Tag Archives: Blue Grey and Red

The Who – The Who By Numbers – Classic Music Review

The album took forever to complete. Townshend was depressed about the state of his career, disgusted with the music industry, suffering from writer’s block and feeling over-the-hill at the ripe old age of thirty, as if “Hope I die before I get old” had come back to haunt him. Daltrey was pissed off at the state of the world. Keith Moon was Keith Moon—predictably unpredictable, reliably unreliable. The only guy who had his shit together was Entwistle, about whom Townshend observed, “John was obviously gaining strength throughout the whole period; the great thing about it was he seemed to know we were going to need him more than ever before.” Even with Entwistle’s ballast, progress was slow, with the band spending as much time playing cricket and hanging out at the local pubs as they did in the studio. Producer Glyn Johns “worked harder on The Who By Numbers than I’ve ever seen him . . . not because the tracks were weak or the music poor but because the group was so useless,” claimed Townshend in the book The Who By Numbers: The Story of The Who Through Their Music. Critical response was mixed, with “Squeeze Box” dismissed as silly and several other songs labeled “depressing.”

Well, y’all know how I hate to deviate from the consensus, but sometimes I can’t stop myself. What I hear in The Who By Numbers are excellent arrangements, first-rate production, fresh instrumentation, strong vocals and beautiful harmonies.  Whether it was Glyn Johns pushing the envelope or the latent professionalism of the players coming to the fore when it was time to record, the end result is a thoroughly enjoyable listening experience (though there are a couple of missed opportunities at the end of the album). As for the criticism that The Who By Numbers is “depressing,” I know there are many music fans who only want to hear happy songs that they can dance and sing along to, and yes, it’s nice to enjoy lighter music from time to time (A Hard Day’s Night is one of my go-to Beatles albums). But if all you want out of music is something that helps you pack up your troubles in your own kit bag, you’ve closed yourself off to the empathy great songwriters can generate when singing about their troubles (and you probably avoid the blues like the plague). I don’t find Townshend’s lyrics on The Who By Numbers “depressing,” but insightful and likely cathartic—for Townshend and for anyone else who’s had similar experiences or feelings.

Most of the critics approved of “Slip Kid,” though it’s pretty obvious they had no idea what the song was about. If you research interpretations of “Slip Kid” on the net, you’ll find that Townshend originally wrote the song as a warning to young people to avoid the music business at all costs. Some lazy asses out there have used that tidbit to declare that the song is indeed about Pete’s dissatisfaction with the industry, offering no evidence whatsoever except for the line “No easy way to be free.”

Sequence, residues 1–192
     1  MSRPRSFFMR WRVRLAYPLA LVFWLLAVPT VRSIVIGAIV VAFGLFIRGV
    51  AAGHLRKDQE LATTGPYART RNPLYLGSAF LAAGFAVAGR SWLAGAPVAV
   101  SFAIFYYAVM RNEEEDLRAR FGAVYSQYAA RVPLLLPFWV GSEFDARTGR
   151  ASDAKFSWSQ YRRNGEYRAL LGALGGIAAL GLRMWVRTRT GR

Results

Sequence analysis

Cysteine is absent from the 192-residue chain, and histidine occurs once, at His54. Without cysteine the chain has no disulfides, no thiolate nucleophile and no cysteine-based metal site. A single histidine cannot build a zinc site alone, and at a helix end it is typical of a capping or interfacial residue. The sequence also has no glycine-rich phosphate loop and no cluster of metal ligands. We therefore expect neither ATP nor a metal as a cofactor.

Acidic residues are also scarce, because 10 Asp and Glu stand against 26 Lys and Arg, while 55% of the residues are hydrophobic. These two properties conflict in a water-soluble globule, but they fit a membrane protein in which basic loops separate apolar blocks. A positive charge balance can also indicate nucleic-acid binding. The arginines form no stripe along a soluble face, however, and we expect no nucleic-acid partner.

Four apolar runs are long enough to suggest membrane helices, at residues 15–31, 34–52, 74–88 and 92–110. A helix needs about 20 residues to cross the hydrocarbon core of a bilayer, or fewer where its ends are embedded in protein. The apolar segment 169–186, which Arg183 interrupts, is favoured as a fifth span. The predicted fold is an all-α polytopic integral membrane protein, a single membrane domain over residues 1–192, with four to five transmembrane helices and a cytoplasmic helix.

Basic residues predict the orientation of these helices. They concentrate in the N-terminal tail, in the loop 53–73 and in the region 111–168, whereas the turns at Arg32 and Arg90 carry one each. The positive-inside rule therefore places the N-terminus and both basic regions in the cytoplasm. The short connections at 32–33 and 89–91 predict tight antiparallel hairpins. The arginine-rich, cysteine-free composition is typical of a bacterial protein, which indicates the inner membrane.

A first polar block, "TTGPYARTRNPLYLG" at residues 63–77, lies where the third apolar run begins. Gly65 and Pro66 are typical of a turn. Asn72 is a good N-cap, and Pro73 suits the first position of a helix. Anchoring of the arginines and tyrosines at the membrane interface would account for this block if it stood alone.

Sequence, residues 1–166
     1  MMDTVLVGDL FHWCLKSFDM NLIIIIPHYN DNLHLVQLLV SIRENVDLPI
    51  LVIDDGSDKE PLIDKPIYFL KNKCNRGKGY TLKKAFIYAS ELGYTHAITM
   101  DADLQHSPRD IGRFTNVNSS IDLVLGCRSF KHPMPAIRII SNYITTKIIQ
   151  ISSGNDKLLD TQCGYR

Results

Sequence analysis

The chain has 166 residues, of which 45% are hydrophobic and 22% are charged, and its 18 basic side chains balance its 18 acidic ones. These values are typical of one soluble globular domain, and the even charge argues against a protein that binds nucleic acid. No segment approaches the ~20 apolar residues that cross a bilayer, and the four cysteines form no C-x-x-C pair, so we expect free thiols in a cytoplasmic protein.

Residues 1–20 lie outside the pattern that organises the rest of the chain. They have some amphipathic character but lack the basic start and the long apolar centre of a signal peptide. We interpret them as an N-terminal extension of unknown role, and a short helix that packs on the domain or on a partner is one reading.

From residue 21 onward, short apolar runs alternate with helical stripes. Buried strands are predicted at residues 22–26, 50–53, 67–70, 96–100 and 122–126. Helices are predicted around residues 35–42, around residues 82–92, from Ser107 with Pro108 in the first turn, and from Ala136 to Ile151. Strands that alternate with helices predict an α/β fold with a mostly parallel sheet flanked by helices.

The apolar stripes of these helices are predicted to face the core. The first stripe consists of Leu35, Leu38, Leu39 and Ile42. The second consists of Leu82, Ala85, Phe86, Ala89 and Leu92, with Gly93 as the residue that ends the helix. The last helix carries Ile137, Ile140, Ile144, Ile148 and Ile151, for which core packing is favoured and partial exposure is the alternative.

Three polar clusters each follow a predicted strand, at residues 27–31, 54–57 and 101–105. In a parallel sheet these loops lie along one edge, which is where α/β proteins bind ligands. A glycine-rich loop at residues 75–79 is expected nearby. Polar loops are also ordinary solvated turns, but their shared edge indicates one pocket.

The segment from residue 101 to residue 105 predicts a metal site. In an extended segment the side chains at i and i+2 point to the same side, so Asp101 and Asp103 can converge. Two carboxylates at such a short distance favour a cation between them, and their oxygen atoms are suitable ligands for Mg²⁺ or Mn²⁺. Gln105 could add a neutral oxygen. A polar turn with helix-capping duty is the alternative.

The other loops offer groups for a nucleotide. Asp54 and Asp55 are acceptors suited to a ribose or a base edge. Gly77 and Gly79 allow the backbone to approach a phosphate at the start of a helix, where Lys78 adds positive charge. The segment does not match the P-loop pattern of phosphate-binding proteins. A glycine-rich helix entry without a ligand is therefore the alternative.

Well, shee-it, that line could apply to everyone and anything! It applies to every wage slave on the planet, famous people hounded by paparazzi, couples in unhappy marriages and yes, it applies to musicians who don’t have creative control over their music and have to do what the label tells them to do. Hey! Here’s an idea! Let’s see what the lyrics actually say!

  • First verse: Thirteen-year-old kid describes himself as a “slip kid,” a soldier off to a civil war and “second generation.”
  • Second verse: Sixty-three-year-old man who is very forgetful also describes the kid as “second generation” and admits that he’s a soldier, too, in an attempt to buddy up with the kid.
  • Bridge: Kid doesn’t want anything to do with the old fart, saying “You and your history won’t rule me/You might have been a fighter but admit you failed.”
  • Third Verse: Somewhat ambiguous, but the line “You’re slidin’ down the hill like me” followed by “No easy way to be free” appears to be a warning from the old guy to the slip kid that he’s in over his head.
  • So . . . we have a civil war in the present (1975) and a civil war in the past that the kid defines as a failure. Hmm. It seems like there were lots of civil wars and disturbances in the 70s . . .  hey, wait a minute! My grandfather told me that the updated version of the IRA recruited teen boys in the ’70s and trained them to be soldiers! And the “slip” in “slip kid” could refer to the Irish jig known as a “slip jig” (in 9/8 time).
  • And man, there was no easy way for anyone to be free during The Troubles.

Townshend offered a more modern take on “Slip Kid” a few years back that validates the IRA interpretation: “You could put it into the voice of some young Islamic student who decides to go fight in Syria and ends up in ISIS being forced to chop people’s heads off, and it would fit.”